Dancers get into swing of things for good cause


October 31, 2002|By Lorraine Gingerich | Lorraine Gingerich,SPECIAL TO THE SUN

CHAPELGATE Career Fellowship held its fourth "Swing Dance for Sandtown" on Saturday. The event, held at the Maryland National Guard Armory in Ellicott City, raised money for New Song Urban Ministries and Sandtown Habitat for Humanity, in Baltimore.

"The event highlights the dozens of ministries that are going on in Sandtown through New Song Urban Ministries and Habitat for Humanity," said Bill Rose, a member of the fellowship who helped to organize the annual event. "[It] has evolved over the last four years into a big, citywide event."

Chapelgate Career Fellowship is a singles ministry of Chapelgate Presbyterian Church in Marriottsville.

"This neighborhood was first made famous as being one of the first Habitat for Humanity projects visited by Jimmy Carter," Rose said. "Sandtown has become a model community that inner-city developers are touting as a success story nationwide, I understand."

Rose explained that New Song began as a small church and ministry and grew along with the Habitat project.

Now, New Song Urban Ministries, led by the Rev. Thurman Williams, "has blossomed into an extraordinary ministry, offering not only church but a school, tutoring service, children's Gospel choir, job training for adults, job placement service and so much more," Rose said. "They work closely with Habitat, and together, have turned one of the biggest crime-ridden neighborhoods in Maryland into a model community."

Sandtown Habitat for Humanity is a nonprofit organization in the Sandtown-Winchester neighborhood of West Baltimore that rehabilitates and builds houses for low-income families, using volunteer labor.

The dance was attended by singles from church groups in the Baltimore-Washington area and dance enthusiasts, who took the opportunity to swing to the tunes played by disc jockey Royce White of Warrenton, Va.

White and his wife, Jody, professional dance instructors, taught basic steps at the beginning of the dance.

Bruce MacDonald and Holly Dahlman choreographed a performance and won first place in the dance contest.

"This is the first time I've ever performed," said Dahlman, who has been dancing several hours a week since 1999. "All those years, I thought I was not athletic."

Dahlman, a doctor who recommends physical exercise to her patients, said she is "practicing what I preach."

She credits Williams with helping to transform Sandtown. "It's a real calling," she said of his work in the community, adding that she is glad to "be involved in some way in supporting his ministry."

Jennifer Randall of Lanham attended the dance with her stepmother, Ann Randall. She is looking for a "Godly, Christian man," she said. This was her first opportunity to attend the swing dance, but she said she will be back next year.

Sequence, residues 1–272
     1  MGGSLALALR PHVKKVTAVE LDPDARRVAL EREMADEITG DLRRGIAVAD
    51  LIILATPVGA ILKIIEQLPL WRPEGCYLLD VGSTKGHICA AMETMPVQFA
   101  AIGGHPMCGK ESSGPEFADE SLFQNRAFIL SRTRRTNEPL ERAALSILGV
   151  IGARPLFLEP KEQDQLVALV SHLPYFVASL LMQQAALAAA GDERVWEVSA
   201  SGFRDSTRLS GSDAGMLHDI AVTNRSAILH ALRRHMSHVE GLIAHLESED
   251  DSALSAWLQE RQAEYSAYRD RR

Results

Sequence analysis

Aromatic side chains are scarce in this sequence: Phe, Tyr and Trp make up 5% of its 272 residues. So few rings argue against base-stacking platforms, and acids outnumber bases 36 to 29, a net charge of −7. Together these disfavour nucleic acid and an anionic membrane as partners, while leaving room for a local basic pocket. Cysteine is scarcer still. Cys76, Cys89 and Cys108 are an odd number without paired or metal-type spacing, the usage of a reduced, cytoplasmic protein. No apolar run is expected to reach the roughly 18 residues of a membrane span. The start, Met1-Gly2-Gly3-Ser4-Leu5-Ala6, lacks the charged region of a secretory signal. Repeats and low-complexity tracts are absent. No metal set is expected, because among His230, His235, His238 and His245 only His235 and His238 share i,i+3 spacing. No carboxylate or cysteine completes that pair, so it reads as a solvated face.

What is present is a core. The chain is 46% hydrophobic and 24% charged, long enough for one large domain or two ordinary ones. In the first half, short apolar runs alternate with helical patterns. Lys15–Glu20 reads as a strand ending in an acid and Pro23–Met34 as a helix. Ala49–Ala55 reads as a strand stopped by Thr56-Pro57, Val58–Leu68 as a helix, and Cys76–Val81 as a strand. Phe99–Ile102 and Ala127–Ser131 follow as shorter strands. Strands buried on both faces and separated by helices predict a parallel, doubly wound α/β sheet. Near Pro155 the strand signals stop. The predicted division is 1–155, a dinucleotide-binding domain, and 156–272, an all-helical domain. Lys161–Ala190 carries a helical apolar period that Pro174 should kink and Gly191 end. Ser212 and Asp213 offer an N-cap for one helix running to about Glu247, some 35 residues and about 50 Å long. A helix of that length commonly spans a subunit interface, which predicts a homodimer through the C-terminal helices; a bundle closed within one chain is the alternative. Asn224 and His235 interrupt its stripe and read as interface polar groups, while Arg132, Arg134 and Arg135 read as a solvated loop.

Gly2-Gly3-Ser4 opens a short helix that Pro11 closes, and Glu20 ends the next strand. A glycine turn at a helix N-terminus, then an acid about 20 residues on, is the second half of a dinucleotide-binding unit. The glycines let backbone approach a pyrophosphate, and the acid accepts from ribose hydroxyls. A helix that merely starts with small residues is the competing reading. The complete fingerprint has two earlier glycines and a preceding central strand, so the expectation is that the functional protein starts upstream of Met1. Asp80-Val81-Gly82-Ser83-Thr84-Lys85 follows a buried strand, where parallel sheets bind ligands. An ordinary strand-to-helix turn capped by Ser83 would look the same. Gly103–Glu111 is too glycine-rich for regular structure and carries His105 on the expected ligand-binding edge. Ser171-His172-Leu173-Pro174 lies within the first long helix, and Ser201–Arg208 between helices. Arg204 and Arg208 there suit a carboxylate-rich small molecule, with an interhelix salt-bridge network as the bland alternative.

"When you are in the environment of brothers and sisters in Christ you feel safe and welcome," she said. "The men are Christian and they treat you with respect."

Steven Walker traveled from Edgemere to attend the dance with his Christian singles group from Mountain Christ Church in Bel Air. Walker said he enjoyed mingling with other singles his age. He often attends Christian singles outings like this one, he said, and hopes to find a mate someday. But, he noted, he isn't actively looking.

"She'll find me," he said.

Trish Shelton of Silver Spring came with friend Elly Cohen of Burtonsville. "This is good fellowship," Shelton said. These dances provide singles a place to socialize, but aren't matchmaking venues, she said.

"I don't think you're going to meet your husband [here]. It's just for singles to get out and be around other singles," said Shelton. She hopes to attend next year's dance, as does Dahlman.

"It gets better and better every year, " Dahlman said. "I really consider this an awesome investment in what they do."

Church bazaar

If you like homemade crafts and food, you won't want to miss the "Bazaar of the Churches" from 9 a.m. to 2 p.m. Saturday in the Lisbon Volunteer Fire Company hall.

Four churches - Calvary Lutheran, Lisbon United Methodist, Shepherd of the Glen Lutheran, and Saint Paul's Episcopal - will combine efforts to present one large sale. A silent auction, raffles and a children's grab bag are planned. Crafts, books, flowers, nuts, homemade cheese balls, jellies, baked goods, almond toffee and other candies will be for sale.

The Lisbon Ladies Auxiliary will serve lunch, so you can stay for as many hours as you like.

Information: Puzz Brightwell, 410-489-4447.


River Hill High School junior Jordan Long has been selected to participate in the National Youth Leadership Forum on Defense, Intelligence and Diplomacy (NYLF/DID) that runs through Sunday in Washington.

NYLF/DID gives high school juniors and seniors a chance to explore leadership opportunities in government service. Since 1992, the six-day program has introduced students to careers in fields such as national security, intelligence and the diplomatic corps.

Jordan was chosen based on her academic achievement and her interest in a career related to national security.

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